On February 28, 2011 at 7 a.m., three months after being moved into the communal cell, ‘Iyada was informed by guards that he had a court appointment that day, ‘Iyada says. On his way there, he was briefly able to call his father, but Judge Abd al-‘Aziz Al al-Shaikh refused to allow either his family or the lawyer they hired for him to attend the trial session. The session lasted 30 minutes, and the judge did not give the six defendants the opportunity to speak in their own defense, ‘Iyada says.
One month later, on March 29, 2011, again without notice, ‘Iyada was taken for the second trial session, in which the judge pronounced the verdict, again without allowing the defendants to present their version of events in detail. ‘Iyada says that he asked for the assistance of a lawyer in both sessions, but that Judge Al al-Shaikh refused. ‘Iyada claims his participation in the crime was substantially different from that described in the verdict and that he was not even at the scene of the crime when it occurred. The names of the other defendants are: Barzan bin Rahil al-Shammari, Muhammad bin Ali al-Shammari, Muhammad bin Dhiyab Mudhi, Abdullah Dhiyab Mudhi, and Bandar bin ‘Abbas al-As’adi, all stateless persons hailing from Iraq or Syria.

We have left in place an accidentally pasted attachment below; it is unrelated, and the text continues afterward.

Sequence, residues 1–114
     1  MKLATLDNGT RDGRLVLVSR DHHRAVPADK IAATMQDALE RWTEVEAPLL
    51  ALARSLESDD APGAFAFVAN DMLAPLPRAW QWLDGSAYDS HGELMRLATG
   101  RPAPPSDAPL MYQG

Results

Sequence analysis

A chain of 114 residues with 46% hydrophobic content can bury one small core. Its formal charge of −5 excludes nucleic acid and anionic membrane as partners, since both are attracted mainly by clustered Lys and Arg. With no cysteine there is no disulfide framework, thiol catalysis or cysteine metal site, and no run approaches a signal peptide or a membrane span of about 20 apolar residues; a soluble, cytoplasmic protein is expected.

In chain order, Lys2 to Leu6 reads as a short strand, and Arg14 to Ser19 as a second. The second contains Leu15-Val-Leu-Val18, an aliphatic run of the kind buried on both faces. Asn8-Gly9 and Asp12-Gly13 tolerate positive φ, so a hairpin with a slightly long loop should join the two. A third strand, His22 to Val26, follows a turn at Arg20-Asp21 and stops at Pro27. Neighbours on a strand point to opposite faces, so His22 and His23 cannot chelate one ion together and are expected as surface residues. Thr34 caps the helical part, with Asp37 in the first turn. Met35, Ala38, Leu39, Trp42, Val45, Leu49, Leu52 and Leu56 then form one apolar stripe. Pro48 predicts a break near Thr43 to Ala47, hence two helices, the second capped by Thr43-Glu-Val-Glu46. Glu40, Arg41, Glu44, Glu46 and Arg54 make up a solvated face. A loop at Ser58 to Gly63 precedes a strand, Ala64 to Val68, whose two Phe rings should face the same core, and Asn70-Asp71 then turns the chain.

No other judges participated in either session, ‘Iyada said, but the verdict, issued on March 29, 2011, bears the signatures of two other judges, Ibrahim Abdullah al-Nukhailan, and Muhammad Ibrahim bin Qa’ud; Saudi law requires a panel of three judges to try hiraba cases. The family of ‘Iyada learned in early December that a Cassation Court has confirmed the verdict.
International Standards on Torture Investigations and Fair Trial